Monday, September 27, 2010

Retro Rib Socks

Top Ten Reasons I Don't Hate These Socks

10. They fit......perfectly
9. Although terribly bland, I actually like the color (Fawn)
8. They should be quite warm and hard-wearing
7. They are finished.....FINALLY
6. I didn't run out of yarn....although it WAS close!
5. Now that they are finally done, I'm free to start an exciting new pair from my
NEW sock book
4. The yarn was inexpensive
3. They help me remember that it won't ALWAYS be 100 degrees around here
2. Making a three-dimensional highly-functional article with my own hands
and a single length of string is really cool!

...and the #1 reason.....
1. It is an Evelyn A. Clark pattern and I LOVE EAC!!

This is the Retro Rib Socks pattern (Winter 04/Interweave Knits) by Evelyn A. Clark which I knit years ago. I think it was the first patterned sock I made. It took me a long time to finish that pair, but honestly these took much longer. I started them before Easter. They were a travel project and stayed in the project bag neglected much of the summer. This is a lovely pattern and the rib variation makes them fit so nicely. However, it has more purls than knits and almost half of the knits are done through the back loop. I don't know about you, but that really slows me down. Totally worth it though in my opinion, as it makes a very classic-looking sock that works equally well for men or women. This Patons Kroy sock yarn is a 4-ply and at 166 yards/50 gr. is a bit thicker than some sock yarns. Ball band suggests a size 3 needle and I knit these on my favorite size 2 Inox dpns so that made a very thick fabric.

Wednesday, September 22, 2010

Everybody talks about the weather

Still HOT around here. Temperatures in the 90s continue, and we approach the first day of fall at least 10 degrees above average.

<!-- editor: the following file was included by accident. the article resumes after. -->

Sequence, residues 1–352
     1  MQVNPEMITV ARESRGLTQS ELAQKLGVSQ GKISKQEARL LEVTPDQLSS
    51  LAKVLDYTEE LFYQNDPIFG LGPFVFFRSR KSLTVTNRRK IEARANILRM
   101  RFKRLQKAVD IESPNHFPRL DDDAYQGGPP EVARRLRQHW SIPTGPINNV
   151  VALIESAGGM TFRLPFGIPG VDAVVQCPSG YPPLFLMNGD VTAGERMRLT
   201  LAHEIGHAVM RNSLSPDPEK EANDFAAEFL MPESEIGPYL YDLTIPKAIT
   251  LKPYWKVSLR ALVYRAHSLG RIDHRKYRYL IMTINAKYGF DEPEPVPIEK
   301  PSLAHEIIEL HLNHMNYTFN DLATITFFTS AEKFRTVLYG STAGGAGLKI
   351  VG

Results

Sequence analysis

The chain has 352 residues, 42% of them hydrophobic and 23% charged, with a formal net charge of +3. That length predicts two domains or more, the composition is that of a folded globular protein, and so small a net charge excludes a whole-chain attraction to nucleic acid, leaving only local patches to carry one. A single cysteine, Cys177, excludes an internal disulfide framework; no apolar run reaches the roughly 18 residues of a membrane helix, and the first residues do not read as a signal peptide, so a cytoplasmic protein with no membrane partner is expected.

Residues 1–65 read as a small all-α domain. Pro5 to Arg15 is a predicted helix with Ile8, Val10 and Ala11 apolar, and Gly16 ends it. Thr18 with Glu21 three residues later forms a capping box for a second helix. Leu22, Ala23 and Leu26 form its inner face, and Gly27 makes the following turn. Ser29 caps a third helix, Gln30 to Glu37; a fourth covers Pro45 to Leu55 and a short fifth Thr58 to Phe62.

I, for one, am tired of overachieving.

Luckily the a/c holds out and I am inside with my really lovely yarn and Nancy Bush pattern.

On a recent Books on the Nightstand podcast, they had an episode titled "ice-cold pages" that mentioned books set in cold climates as recommendations of what to read during a heatwave. Well now that's a novel idea, so I decided to give it a try and I found The Children's Blizzard by David Laskin at my library.

This non-fiction account of a 1888 blizzard that hit the Dakota-Nebraska prairie may soon become too difficult to bear reading, but the first half is mostly getting to know the people that moved west to settle the area and the emerging science of weather prediction. Lots of Norwegian immigrants.

We may have oppressive heat and humidity but this book really puts my whines about the weather in perspective.

"Everybody talks about the weather, but nobody does anything about it."
(generally attributed to) Mark Twain

Wednesday, September 15, 2010

N is for


- Coin collectors in Cobb can find those nickles, dimes, and other coins at Robinson's Coin Town. This business, began as one counter at the back of a pet shop, has been on the square since 1972.

I confess that I don't often have a need to visit Coin Town, but I did pop across a few years ago to purchase a sixpence for a friend to wear in her shoe during her wedding. I wonder if it has brought her luck?